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‘A defiantly joyous show of Yuletide unity’


WELL, this is quite the departure. Previous years’ Christmas cards from the Waleses have been all woollens and wellies: lots of khaki, checked shirts, hearty outdoor settings, that sort of thing – think Sloanes on safari. This is far more, dare I say it, California-cool than Norfolk pheasant-shoot. Stylish, monochrome, relaxed hands-inpocket, jeans, no socks. (No socks!) Still, at least they’re wearing shoes. Granted, plimsolls. But no bare toes. Not yet, at any rate.

It’s giving Ralph Lauren (literally: there’s a branded polo emblem on Prince George’s chest),

‘Charlotte is only eight but the camera already adores her’

it’s giving Dyson Airwrap hair multi-styler and dryer, it’s giving Mr Darcy in a white shirt.

Prince George looks every inch the debonaire future young Duke, hand in pocket, knee bent, steady gaze, as though leaning on a marble mantelpiece scanning the room for debutantes. Is that a small glass of port he’s hiding behind his mother’s back?

Prince William is the beaming, benevolent patriarch, paw resting affectionately on the shoulder of the family’s youngest. Indeed, Louis looks the very spit of Grandpa Middleton (if one can say such a thing these days; one doesn’t want to be accused of ‘unconscious bias’).

The Princess of Wales is fabulous, as always, her dazzling smile pure head girl/homecoming queen perfection, her long locks framing her face with enviable lustre. But the real star of the show, this centrepiece

of Royal appreciation, is Princess Charlotte.

She’s only eight, but already the camera adores her. And she seems at ease, calm and composed, an intriguing combination of her mother’s beauty, the late Queen’s poise

and self-assurance – and Princess Diana’s magnetism. A superstar in the making.

But it’s not what you might call ‘traditional’. Indeed, the overall effect is the kind of image you’d expect to see on the front cover of a magazine,

not a mantelpiece. Hardly surprising, really, since it was created by fashion (and fashionable) photographer Josh Shinner, a regular on publications such as Harper’s Bazaar, Vogue and Esquire.

The professionalism is unmis

takable, from the studio backdrop to the impeccable lighting and the chic, understated yet achingly luxurious styling.

It is quite a move for the Waleses, and very much a clear signal that they intend to be in all aspects a ‘modern’ Royal Family.

By contrast, Charles and Camilla have stuck to tradition in their Coronation-themed card. That shiny purple on the King’s waistcoat is more than a little reminiscent of the coveted hazelnut one in the Quality Street tin.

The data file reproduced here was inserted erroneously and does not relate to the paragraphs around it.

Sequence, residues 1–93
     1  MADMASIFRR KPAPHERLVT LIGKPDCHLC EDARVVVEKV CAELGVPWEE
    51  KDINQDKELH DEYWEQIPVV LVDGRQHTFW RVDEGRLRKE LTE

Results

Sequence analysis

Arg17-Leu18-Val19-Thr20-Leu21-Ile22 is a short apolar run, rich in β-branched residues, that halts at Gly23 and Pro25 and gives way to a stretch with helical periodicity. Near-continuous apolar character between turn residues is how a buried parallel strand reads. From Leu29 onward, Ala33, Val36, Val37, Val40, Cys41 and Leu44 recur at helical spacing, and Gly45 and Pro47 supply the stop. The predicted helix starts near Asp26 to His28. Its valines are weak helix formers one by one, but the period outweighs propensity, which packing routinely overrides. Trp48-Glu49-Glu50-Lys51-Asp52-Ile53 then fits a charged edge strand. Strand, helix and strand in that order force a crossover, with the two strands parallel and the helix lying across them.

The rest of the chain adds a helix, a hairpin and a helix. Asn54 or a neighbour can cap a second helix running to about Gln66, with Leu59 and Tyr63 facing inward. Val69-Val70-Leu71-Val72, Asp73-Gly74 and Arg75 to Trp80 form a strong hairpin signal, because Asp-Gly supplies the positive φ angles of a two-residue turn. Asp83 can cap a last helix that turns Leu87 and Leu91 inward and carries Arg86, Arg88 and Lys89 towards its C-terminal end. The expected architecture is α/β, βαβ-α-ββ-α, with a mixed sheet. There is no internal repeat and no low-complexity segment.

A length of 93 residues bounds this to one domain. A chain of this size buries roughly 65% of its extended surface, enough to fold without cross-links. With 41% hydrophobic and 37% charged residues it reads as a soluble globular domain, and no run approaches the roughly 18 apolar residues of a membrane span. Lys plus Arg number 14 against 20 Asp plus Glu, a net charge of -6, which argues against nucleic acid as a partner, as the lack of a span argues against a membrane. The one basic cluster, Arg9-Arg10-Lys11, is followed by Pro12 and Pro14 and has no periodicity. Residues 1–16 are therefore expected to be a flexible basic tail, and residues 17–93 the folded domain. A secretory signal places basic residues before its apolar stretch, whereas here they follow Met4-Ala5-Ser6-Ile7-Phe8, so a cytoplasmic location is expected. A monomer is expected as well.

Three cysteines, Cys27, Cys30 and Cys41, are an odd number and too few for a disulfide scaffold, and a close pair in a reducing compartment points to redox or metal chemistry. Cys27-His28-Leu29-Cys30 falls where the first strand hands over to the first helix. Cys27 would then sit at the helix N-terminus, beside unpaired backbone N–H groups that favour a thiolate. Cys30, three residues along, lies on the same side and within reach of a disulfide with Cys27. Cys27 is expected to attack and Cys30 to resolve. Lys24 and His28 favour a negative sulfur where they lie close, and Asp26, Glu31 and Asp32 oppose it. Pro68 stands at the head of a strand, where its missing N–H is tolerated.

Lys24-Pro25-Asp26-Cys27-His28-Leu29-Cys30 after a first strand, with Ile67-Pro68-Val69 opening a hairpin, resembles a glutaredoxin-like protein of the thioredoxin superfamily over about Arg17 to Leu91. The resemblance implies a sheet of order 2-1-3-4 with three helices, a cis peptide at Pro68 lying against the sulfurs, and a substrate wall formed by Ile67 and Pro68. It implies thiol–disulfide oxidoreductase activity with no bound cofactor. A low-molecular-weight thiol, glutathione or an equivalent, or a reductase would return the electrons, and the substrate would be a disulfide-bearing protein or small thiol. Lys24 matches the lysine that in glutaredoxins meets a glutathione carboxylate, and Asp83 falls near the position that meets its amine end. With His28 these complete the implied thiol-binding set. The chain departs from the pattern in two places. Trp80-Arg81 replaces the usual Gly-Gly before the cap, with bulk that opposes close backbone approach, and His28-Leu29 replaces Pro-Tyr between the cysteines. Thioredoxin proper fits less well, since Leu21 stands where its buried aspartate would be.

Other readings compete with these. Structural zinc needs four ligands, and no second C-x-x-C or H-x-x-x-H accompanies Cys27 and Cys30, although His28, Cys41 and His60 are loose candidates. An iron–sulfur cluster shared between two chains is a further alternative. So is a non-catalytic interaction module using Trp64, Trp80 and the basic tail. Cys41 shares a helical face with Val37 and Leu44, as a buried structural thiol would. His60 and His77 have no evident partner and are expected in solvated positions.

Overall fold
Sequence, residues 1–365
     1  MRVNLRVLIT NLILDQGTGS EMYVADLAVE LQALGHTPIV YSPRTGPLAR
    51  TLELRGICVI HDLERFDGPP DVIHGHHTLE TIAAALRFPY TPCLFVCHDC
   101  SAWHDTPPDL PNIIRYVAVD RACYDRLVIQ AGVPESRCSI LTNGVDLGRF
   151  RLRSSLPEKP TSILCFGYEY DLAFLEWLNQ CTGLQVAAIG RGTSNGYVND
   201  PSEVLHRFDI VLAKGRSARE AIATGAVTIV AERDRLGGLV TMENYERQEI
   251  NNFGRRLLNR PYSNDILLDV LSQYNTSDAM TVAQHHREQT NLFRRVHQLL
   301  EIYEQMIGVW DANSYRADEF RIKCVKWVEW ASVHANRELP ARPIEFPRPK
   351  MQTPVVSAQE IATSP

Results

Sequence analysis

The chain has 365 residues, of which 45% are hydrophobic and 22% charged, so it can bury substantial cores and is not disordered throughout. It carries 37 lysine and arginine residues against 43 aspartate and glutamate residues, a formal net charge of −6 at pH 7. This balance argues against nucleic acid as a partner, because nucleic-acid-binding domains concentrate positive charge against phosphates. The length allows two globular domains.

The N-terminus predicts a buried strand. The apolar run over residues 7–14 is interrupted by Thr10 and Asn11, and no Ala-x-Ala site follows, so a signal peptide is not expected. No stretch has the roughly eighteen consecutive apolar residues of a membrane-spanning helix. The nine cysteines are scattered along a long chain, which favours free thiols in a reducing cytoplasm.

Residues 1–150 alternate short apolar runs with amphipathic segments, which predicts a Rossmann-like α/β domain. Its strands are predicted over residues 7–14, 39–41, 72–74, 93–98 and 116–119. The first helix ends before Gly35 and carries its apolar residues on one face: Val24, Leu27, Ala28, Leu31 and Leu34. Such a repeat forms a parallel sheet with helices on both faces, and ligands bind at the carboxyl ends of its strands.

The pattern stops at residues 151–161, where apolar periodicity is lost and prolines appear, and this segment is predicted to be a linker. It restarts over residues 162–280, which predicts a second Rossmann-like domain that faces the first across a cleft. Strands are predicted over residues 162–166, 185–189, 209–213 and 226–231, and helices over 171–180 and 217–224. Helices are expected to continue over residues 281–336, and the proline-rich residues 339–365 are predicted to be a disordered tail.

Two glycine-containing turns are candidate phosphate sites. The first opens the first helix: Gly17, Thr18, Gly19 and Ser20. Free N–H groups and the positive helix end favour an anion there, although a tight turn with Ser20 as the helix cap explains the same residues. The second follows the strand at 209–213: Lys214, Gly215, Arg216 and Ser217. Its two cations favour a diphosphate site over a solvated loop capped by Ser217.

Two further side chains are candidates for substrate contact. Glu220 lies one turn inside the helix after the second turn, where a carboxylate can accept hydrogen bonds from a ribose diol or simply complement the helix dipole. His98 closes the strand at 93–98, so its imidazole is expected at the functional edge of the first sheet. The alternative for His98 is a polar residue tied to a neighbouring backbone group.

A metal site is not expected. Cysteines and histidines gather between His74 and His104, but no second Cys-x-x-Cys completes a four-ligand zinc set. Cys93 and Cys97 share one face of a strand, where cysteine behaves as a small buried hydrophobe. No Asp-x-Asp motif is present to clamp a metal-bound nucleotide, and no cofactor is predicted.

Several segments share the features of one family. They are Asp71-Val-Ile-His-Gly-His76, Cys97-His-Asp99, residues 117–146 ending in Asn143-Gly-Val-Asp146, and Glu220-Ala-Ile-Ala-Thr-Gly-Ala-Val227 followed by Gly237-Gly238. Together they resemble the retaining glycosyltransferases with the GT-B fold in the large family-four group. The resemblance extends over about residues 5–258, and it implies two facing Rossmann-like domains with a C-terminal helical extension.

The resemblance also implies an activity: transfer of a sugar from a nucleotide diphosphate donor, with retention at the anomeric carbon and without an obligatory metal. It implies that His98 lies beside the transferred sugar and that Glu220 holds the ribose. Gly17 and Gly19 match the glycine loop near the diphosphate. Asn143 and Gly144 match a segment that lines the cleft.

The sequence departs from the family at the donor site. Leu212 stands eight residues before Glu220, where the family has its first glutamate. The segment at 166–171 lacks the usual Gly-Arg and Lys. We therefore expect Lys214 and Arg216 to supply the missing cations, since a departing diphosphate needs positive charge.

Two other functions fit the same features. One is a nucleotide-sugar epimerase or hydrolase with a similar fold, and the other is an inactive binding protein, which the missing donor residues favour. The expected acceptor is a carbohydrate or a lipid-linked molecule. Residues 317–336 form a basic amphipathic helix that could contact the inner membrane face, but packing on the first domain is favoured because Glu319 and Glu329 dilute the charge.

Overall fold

All that red draping and white ermine is very Father Christmas, too, the gold pure Ferrero Rocher. There’s a whiff of oldfashioned tinsel to it, and why not? Pass the cooking sherry, this one’s a granny-pleaser.

Of course, it was Harry and Meghan who originally adopted the more urbane feel of the Waleses’ card for their own official photographs.

For example, a similar uniform to the one seen here of jeans, megawatt smiles and no socks was the order of the day two years ago when Harry, Meghan,

‘Diana was famous for her collaborations with fashion photographers’

Archie and Lilibet celebrated their first Christmas of ‘freedom’. The snapper for that ‘Happy Holidays’ card was Alexi Lubomirski, also responsible for the couple’s studiously spontaneous black and white engagement and wedding photographs.

Like Shinner, Lubomirski, whose website describes himself as ‘a conscious voice who captures the world around us and inspires positive change’ also has an impressive CV, counting Beyoncé, Gwyneth Paltrow and Brad Pitt as his celebrity subjects, plus a variety of highend brand campaigns, including Dior and Ralph Lauren.

It’s also worth remembering that we’ve been here before. Princess Diana was famous for her various collaborations with fashion photographers such as Patrick Demarchelier and Mario Testino, the results of which helped turn her into the enduring style icon she remains today.

If asked, the Prince and Princess of Wales would no doubt dismiss any parallels with the Sussex aesthetic as pure coincidence.

But in a year when Prince Harry has, not to put too fine a point on it, dumped buckets of vitriol all over his brother and sister-in-law, it’s very gratifying to see such a defiantly joyous show of Yuletide unity.

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